Back in January I got a request from Henry Freeman to build an HO scale depot for his 1957-era Baltimore & Ohio layout featuring the Chicago switching district. The 63rd Street Depot was owned by the B&O but built for an earlier railroad. In this blog I’ll share my process for creating what turned out to be a challenging yet enjoyable project that took over 100 hours to construct.
Starting the Project
Once I got the prototype photos from Henry I had to plan the construction and bill of materials. While it’s not possible always to duplicate an exact set of windows and doors with commercial castings, it’s possible to come fairly close by modifying some of the windows and doors to fit.
Planning the Project
After studying this project it became apparent that this 41’ by 25’ depot was going be difficult to build because of all the roof angles. Another problem was the walls. They are made of three different kinds of materials. At the bottom is vertical siding, next up is clapboard and finally the top is made of shingles. So that meant that I needed three disparate materials glued into a single piece.
I have been scratch building structures since about 1970, and this little styrene station is the most challenging project I have ever done. Much time was spent contemplating the methods of construction. How do I get all those roof angles to look right? What is the right angle for the roof line? Where does the roof intersect the porch ceiling? And so on.
Making the Project Real
I created a series of drawings that gave me a good idea of how to proceed. Since I was working from old photos I had to make some assumptions about the size and placement of windows. I think I managed to capture the overall feel of the building, even though the model may be an exact duplicate.
I was able to paint the building because Henry had a color picture of the building and he also knew the appropriate mixture for the paint, which he provided me. The only difficulty with the painting was this was the first time I have used Model Masters acrylics. I have been airbrushing Floquil paints since 1976, but alas they are no longer available. So I had to learn about a different type of paint. Oh how I miss the Floquil paints!
In the end, it was a challenging project but one I was very happy to do, and was pleased with the results.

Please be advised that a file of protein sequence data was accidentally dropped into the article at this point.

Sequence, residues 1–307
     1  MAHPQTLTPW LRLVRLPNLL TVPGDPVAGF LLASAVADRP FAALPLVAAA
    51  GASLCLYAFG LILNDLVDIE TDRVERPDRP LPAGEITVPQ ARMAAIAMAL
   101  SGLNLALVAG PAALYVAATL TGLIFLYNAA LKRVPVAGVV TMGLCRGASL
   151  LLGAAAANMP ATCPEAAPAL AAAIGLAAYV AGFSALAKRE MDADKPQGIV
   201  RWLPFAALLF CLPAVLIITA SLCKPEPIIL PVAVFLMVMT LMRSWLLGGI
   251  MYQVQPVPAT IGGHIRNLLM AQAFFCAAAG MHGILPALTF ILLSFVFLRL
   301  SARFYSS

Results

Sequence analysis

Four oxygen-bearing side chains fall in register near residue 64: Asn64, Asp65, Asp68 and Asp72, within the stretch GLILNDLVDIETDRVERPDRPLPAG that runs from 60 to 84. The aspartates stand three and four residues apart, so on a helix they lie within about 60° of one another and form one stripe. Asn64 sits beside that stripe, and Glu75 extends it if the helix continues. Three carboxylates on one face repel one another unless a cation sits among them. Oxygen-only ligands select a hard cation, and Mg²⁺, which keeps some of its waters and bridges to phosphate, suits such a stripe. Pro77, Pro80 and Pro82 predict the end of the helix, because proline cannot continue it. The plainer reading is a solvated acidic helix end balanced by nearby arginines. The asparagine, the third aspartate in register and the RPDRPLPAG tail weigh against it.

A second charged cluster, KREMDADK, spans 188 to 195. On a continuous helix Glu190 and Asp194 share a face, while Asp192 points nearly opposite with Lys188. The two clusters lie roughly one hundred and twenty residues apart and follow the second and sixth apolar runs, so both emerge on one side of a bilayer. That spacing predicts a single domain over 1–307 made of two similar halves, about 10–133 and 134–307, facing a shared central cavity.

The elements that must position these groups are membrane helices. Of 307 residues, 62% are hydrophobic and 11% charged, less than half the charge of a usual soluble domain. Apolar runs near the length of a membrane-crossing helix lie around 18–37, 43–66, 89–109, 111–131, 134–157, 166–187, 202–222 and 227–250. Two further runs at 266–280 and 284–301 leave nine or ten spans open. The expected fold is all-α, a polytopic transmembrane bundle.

If you’d like to learn more about scratchbuilding your own structures, make sure to visit our category of how-to videos dedicated to this topic: Model Railroad Academy/Structures
Allen, Are Henry Freeman, Don Cassler, and Henry Werthwein still with us today? Enjoyed all your tapes and DVD of their layouts over the years!
Look great! Have you ever done the Point of Rock station? Biger and much nicer.
Thanks for sharing your knowledge. It’s very good.
how about providing some detail like a materials list, styrene?, where you got your windows and doors, etc. The information here is just, I did this. Well good for you.
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I was wondering if anyone has 3D printer files for HO scale Buildings????
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Great job on the structure, Allen!
Some buildings can be pretty straightforward … like some of those in the French Quarter, New Orleans, while others like some stations and depots can really test our skills. All I can say here is … well done!
great little depot enjoy the videos and blogs
Allen great model! Are you planing to release it as a kit some time in the future?
Hi, Edward. No, I am not in the kit business. This was a one only structure built for my friend Henry Freeman, a retired editor of USA Today.
It is truly a one of a kind. You may check with the B&O historical society for more details.
I am enjoying exploring the site and reviewing some of the videos that I saw many years ago.
You have kitbashed and scratch built many styles of passenger cars, I have seen you briefly present some of this at meetings which I have attende. It would be great if you could devote a session on your cars and how you did it. I was a big fan of George Drury’s articles in MR.
Hi, Michael. We would like to let you know that your feedback has been forwarded to the proper department. Your comments are important to us and help with the development of our online video streaming community.